• February 2021: An April 2020 lawsuit by Massachusetts AG Maura Healey was settled when a Pennsylvania-based solar energy developer agreed to pay a total of approximately $1.14 million on allegations that its violations of federal stormwater requirements damaged protected wetland resources in the town of Williamsburg, MA.

  • November 2017: A solar panel lead generation company that pitched energy savings settled FTC charges for $155,000 for making millions of illegal pre-recorded telemarketing calls to consumers on the Do Not Call Registry.

  • November 2015: The Texas AG office announced penalties for a North Texas solar company that was ordered to pay $5.8 million in penalties and legal fees and $2.7 million to customers for importing unsafe solar panels from China and falsely labeling the items as U.S.-made.

  • April 2012: The FTC stopped a company offering a supposedly "free" book falsely promising that it would show them how to power their cars and homes at no cost, and then billed them for an online magazine they never ordered. They were also ordered to pay nearly $2 million in customer refunds. The FTC settlement notes that their ads falsely claimed the book would describe "how to get free gas for life," "how to put solar panels on your roof for free," and "how to make your electricity meter go backward paying you," with phony testimonial statements such as "I don't pay for electricity" and "I don't have car payments, and I don't pay for fuel."

As with any other industry, solar has some scammers and fraudsters. Just like you would for any major purchase, it's essential to review all of the information when it comes to what you're paying for, what your installer is committing to doing, what warranties cover your purchase, and what agreements and contracts you're committing to with your solar system.

If you're financing your solar purchase with a loan, there are also specific questions to ask your lender or installer to ensure you understand the total cost, any loan fees, and monthly payments.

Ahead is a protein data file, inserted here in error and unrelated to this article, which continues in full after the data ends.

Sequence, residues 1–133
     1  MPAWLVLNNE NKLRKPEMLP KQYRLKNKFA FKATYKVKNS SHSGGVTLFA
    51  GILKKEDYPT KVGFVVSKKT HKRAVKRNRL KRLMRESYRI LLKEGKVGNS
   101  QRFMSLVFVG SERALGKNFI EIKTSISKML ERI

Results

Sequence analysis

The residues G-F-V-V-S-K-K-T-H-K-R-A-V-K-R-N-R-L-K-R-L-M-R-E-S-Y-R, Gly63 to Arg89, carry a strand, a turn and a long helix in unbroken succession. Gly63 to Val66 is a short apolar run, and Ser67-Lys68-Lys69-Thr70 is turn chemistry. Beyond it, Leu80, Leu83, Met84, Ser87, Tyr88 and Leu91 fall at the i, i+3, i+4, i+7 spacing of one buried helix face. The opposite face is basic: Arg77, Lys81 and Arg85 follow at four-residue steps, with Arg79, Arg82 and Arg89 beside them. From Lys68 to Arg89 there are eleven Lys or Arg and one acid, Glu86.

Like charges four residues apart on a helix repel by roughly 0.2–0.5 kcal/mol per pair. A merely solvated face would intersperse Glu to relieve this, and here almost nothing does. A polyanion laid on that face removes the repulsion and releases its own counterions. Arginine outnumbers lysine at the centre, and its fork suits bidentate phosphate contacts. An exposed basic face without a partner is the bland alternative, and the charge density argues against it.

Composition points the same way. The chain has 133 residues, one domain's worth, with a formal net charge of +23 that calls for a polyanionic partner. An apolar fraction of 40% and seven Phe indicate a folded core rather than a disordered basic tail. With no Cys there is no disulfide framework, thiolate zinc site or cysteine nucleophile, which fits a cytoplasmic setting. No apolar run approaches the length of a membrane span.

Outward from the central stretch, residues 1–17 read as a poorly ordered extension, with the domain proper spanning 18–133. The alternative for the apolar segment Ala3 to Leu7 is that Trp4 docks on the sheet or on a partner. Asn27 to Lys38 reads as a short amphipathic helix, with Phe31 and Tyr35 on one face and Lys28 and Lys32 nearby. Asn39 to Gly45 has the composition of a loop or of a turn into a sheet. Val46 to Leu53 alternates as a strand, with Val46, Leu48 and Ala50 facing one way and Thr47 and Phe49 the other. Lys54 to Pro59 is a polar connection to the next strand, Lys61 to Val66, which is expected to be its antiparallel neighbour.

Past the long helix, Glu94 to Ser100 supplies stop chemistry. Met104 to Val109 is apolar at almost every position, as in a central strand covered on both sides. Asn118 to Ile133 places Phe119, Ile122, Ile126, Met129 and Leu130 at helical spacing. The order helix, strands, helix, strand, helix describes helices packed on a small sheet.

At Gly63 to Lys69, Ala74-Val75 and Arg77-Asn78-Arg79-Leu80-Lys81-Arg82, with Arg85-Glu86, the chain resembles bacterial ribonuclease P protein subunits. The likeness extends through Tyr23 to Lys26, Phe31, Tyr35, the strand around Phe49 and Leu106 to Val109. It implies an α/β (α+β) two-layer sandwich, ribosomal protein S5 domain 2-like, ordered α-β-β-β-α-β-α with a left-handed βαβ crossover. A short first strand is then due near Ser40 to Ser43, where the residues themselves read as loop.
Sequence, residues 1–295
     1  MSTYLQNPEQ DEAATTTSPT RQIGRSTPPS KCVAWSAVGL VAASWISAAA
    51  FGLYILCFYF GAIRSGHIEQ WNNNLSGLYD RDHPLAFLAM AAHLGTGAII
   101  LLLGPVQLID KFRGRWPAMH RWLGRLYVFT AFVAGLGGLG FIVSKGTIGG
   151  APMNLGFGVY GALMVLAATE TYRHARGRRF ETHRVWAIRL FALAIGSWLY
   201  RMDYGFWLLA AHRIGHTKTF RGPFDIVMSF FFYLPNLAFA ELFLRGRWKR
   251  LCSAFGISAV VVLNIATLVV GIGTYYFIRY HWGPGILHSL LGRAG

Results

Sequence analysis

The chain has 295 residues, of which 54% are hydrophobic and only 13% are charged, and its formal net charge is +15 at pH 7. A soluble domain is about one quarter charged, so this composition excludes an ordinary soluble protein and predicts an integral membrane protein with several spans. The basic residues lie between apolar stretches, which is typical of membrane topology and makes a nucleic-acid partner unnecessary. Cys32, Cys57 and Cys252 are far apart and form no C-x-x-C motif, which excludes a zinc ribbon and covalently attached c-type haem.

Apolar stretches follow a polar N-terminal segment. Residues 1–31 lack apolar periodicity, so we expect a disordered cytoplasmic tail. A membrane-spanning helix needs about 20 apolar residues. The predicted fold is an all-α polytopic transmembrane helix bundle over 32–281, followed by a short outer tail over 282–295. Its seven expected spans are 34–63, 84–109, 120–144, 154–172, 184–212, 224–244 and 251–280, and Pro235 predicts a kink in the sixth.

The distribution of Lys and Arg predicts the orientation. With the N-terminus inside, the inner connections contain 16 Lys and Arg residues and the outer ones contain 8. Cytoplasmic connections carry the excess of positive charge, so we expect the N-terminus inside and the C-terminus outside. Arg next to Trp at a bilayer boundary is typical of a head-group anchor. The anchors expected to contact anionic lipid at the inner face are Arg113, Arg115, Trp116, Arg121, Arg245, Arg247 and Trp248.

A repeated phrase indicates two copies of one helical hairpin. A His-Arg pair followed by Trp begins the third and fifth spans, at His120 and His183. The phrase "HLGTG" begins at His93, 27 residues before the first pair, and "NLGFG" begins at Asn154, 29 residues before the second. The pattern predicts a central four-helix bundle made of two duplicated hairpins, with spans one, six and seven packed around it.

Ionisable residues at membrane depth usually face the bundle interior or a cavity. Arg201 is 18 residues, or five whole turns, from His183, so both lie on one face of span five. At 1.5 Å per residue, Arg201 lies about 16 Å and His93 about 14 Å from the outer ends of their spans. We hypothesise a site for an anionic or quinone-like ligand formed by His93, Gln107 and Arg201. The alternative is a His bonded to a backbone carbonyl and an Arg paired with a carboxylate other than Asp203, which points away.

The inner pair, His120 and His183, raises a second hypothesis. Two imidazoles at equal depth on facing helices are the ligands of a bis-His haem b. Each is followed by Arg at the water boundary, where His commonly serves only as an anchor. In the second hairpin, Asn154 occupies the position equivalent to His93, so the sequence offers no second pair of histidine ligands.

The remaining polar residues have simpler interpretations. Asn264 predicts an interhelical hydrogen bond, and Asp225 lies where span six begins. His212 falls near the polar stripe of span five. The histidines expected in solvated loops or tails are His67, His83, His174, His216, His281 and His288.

If you have issues with your solar system, your best first move is to contact your installer. Usually, they can help troubleshoot remotely to identify the problem and work with the equipment manufacturer if you need to repair or replace equipment or a part under warranty.

SEIA also has a Complaint Resolution Process so that anyone from a homeowner to a solar company can voice a complaint within the solar industry. SEIA encourages you to resolve your issues directly, but their Resolution Panels present a more formal complaint review process if that's not possible. You can learn more about their consumer protection resources on SEIA's website.

Choosing a reputable, vetted, well-reviewed installer is one of the best ways to minimize your risk when going solar. While there are no guarantees, you can learn if the installer has a solid track record by reading reviews and speaking to neighbors or friends about installers they've used and recommended. You can also review the solar equipment you're quoted, including solar panels and inverters, to understand their efficiency, ratings, and warranties.

What is the best way to find a reputable installer? On the EnergySage Marketplace, you can read reviews, compare multiple quotes, and request financing options from our network of pre-vetted, reputable installers and lenders (for free!).